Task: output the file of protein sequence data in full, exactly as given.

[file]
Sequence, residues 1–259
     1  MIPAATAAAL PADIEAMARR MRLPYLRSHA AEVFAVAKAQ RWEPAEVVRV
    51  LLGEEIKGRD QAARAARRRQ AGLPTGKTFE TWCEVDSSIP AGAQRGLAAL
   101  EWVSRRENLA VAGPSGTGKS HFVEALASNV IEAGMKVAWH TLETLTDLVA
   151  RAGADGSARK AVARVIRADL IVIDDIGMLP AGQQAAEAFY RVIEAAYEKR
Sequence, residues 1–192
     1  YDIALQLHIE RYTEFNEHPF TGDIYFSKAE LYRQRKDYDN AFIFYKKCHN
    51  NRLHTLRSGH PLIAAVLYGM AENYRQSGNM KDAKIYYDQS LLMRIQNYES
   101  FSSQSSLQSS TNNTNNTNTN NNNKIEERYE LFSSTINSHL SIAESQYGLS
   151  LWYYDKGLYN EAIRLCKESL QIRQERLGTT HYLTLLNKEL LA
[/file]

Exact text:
Sequence, residues 1–259
     1  MIPAATAAAL PADIEAMARR MRLPYLRSHA AEVFAVAKAQ RWEPAEVVRV
    51  LLGEEIKGRD QAARAARRRQ AGLPTGKTFE TWCEVDSSIP AGAQRGLAAL
   101  EWVSRRENLA VAGPSGTGKS HFVEALASNV IEAGMKVAWH TLETLTDLVA
   151  RAGADGSARK AVARVIRADL IVIDDIGMLP AGQQAAEAFY RVIEAAYEKR
Sequence, residues 1–192
     1  YDIALQLHIE RYTEFNEHPF TGDIYFSKAE LYRQRKDYDN AFIFYKKCHN
    51  NRLHTLRSGH PLIAAVLYGM AENYRQSGNM KDAKIYYDQS LLMRIQNYES
   101  FSSQSSLQSS TNNTNNTNTN NNNKIEERYE LFSSTINSHL SIAESQYGLS
   151  LWYYDKGLYN EAIRLCKESL QIRQERLGTT HYLTLLNKEL LA